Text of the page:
6. - Pearl Handles for Razors. - The Sheffield manufacturers slightly rivet the handles together in pairs, after which they are 1st scraped, 2ndly "sand buffed " on the wheel with Trent sand and water, 3dly, "gloss buffed " on the wheel with rottenstone and oil, or sometimes with dry chalk rubbed on the same wheel, and 4thly they are "handed up" or polished with dry rottenstone and the naked hand.

7. - Pearl Shell, when polished by the lapidary, is treated in the mode followed with Alabaster. See article 3.

8. - Shell Cameos. - A very suitable material for cameos is found in the various conch shells or Strombs, the substance of which consists of two distinct layers of different colours, textures and hardness, and which may be considered respectively to partake of the nature of nacreous and porcelanous shells, the chemical compositions of which were noticed in vol. 1, page 118. The outer coat or layer in the most suitable specimens of conch shells is nearly colourless, of uniform texture, and like that on the nacreous shells admits of being readily operated upon by steel cutting tools, and which may be made to produce a smooth and well-finished surface, this outer layer is therefore suited for the carved parts of cameos, the ground being formed of the under layer of the shell, which in the most suitable kinds is of a dark colour, and allied to the porcelanous shells, being somewhat brittle and so hard and compact as not to admit of being readily cut with steel tools.

The best kind of conch shell for carving into cameos is found on the Southern coast of America, and also on the coast of the West India Islands, and commonly known as the "Hack conch; " in these shells the contrast of colour is the most decided, the under layer being very dark or nearly black, especially in the old or full grown shells, which are the hardest and most compact, and also possess the greatest amount of the white or outer layer, the part to be carved. In the pink conch shell the contrast of colour is not so great, and as it does not at all resemble the onyx in which antique cameos were cut, it is but little used for the best works; nevertheless, some very beautiful specimens of carving on the pink conch shell are to be met with, and the delicacy of the colours gives a very pleasing effect.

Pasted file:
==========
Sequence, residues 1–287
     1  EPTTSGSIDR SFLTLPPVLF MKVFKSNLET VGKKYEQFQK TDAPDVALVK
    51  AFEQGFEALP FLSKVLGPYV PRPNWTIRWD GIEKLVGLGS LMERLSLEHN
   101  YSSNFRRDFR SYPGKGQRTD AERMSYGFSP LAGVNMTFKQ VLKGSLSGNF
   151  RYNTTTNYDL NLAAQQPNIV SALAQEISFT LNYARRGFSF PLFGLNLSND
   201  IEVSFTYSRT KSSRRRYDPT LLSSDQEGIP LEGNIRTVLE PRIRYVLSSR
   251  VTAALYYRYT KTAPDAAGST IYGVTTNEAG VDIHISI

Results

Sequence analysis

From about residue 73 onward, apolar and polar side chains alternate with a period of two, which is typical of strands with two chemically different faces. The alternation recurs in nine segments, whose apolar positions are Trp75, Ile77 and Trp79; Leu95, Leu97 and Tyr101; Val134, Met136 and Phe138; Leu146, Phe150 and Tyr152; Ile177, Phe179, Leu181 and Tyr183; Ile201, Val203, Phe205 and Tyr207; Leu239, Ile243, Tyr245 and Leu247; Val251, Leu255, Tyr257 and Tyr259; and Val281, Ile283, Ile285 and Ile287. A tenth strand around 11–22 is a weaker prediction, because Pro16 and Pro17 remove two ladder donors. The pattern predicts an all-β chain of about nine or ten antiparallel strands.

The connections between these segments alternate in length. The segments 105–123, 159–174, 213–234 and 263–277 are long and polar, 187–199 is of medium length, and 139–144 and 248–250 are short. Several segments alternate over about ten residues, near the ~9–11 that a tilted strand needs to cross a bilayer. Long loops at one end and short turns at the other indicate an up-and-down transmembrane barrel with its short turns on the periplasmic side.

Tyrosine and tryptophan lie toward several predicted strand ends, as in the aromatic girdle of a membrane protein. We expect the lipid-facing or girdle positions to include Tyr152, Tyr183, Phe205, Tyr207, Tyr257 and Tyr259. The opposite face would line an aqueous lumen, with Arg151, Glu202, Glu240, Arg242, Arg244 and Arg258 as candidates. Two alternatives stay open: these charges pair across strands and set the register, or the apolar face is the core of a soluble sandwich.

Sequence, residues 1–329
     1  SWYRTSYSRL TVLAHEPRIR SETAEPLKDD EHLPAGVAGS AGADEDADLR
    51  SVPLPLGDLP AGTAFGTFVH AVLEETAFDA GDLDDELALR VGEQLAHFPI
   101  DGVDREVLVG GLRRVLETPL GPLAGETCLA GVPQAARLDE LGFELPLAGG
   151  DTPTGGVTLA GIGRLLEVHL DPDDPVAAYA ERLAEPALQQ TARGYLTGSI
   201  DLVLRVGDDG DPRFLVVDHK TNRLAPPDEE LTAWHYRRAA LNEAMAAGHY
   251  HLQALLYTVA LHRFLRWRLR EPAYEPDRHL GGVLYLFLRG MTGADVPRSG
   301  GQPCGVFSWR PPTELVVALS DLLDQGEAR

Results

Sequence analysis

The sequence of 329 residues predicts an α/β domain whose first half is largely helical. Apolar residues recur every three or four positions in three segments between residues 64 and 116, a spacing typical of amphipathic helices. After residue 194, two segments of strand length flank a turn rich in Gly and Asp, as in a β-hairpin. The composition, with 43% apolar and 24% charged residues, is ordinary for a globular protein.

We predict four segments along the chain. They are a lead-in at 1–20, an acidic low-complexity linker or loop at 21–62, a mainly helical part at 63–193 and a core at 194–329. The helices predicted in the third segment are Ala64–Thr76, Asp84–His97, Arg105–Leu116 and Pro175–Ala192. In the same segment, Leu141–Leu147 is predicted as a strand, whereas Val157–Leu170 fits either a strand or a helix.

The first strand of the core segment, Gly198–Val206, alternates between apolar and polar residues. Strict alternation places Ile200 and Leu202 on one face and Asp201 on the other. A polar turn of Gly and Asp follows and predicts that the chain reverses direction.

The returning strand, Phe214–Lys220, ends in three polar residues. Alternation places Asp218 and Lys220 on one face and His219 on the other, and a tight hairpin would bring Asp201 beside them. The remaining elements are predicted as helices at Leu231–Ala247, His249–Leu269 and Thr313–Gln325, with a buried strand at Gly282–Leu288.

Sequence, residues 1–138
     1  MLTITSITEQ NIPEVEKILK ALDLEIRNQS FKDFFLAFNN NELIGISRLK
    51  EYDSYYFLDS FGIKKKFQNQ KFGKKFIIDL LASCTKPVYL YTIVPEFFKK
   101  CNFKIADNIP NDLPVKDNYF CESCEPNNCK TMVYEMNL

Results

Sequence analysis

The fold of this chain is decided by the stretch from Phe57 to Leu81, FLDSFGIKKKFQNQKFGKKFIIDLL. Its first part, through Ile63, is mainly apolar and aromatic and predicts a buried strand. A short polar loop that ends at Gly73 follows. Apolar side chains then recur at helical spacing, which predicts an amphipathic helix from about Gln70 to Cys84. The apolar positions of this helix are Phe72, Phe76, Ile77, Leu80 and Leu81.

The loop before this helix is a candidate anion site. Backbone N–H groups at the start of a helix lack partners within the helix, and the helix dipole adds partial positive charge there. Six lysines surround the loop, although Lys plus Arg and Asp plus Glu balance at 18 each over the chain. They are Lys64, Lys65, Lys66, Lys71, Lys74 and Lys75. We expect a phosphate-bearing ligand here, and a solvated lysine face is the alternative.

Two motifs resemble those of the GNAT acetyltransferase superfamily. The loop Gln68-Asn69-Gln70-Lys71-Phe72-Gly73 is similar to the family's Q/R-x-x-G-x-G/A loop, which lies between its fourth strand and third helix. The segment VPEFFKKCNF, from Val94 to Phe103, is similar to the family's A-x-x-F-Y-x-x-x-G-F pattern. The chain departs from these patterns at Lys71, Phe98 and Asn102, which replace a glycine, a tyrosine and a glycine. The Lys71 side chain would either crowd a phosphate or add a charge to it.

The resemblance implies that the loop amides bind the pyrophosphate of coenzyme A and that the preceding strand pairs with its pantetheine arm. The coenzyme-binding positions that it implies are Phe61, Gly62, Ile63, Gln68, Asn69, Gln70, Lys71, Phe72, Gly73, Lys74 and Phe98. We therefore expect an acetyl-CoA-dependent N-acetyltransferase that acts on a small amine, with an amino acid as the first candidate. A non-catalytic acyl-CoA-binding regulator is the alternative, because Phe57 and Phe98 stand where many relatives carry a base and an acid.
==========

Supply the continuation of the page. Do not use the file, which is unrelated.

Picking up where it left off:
The most suitable shell having been selected it is cut into pieces of the required forms for the cameos; this process, which must be cautiously performed, is best effected by means of the slitting mill fed with diamond powder, described in the chapter on Lapidary Work, but the cutting may be also effected with a blade of iron or steel, such as a thin table knife blade notched to form teeth, and fed with emery and water, a process similar to that by which the stone mason cuts slabs of freestone and marble with a smooth blade of iron fed with sand and water.

The piece of shell having been cut out is next carefully ground to the general form of the cameo, as square, lozenge, elliptical or other shape, upon an ordinary grindstone, the face and back of the shell being also levelled and reduced to the appropriate thickness. A slip of Turkey oilstone may be used with advantage to give the last finish to the edges of the shell after the upper white layer has been removed from it, for when the shell has lost the support of the white layer, it will be found that the coarse cut of the grindstone will fill it with minute cracks, which frequently spread over the surface after the cameo has been some time finished.